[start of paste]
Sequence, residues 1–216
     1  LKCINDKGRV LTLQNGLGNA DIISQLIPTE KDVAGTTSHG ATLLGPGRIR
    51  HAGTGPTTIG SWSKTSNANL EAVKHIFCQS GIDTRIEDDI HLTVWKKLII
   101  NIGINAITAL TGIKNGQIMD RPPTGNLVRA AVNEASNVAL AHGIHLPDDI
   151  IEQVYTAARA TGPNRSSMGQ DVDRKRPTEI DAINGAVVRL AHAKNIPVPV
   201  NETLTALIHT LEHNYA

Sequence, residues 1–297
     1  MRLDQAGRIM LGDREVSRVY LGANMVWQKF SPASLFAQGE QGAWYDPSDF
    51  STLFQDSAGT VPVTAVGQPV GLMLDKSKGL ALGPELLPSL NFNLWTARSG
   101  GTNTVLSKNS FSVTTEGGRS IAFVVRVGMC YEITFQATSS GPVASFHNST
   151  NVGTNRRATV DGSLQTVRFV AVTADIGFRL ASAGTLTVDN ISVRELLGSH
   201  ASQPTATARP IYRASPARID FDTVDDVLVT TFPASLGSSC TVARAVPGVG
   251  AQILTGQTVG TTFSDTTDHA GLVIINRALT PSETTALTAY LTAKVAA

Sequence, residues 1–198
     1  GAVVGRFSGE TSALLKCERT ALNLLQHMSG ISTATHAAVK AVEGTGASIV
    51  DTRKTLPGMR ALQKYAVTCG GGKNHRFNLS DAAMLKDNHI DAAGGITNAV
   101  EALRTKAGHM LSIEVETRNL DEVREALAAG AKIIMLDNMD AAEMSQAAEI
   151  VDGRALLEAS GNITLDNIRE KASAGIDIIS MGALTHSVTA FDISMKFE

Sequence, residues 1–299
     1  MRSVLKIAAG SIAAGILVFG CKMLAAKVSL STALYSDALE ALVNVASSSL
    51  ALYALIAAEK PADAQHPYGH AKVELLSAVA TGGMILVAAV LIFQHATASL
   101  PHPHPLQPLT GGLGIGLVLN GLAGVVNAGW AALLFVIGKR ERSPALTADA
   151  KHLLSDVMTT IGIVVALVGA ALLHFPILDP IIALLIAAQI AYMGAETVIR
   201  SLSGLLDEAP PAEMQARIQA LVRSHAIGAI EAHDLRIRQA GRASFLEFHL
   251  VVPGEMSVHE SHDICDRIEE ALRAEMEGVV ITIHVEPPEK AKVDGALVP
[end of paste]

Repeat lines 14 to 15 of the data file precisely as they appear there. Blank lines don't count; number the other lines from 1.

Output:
Sequence, residues 1–198
     1  GAVVGRFSGE TSALLKCERT ALNLLQHMSG ISTATHAAVK AVEGTGASIV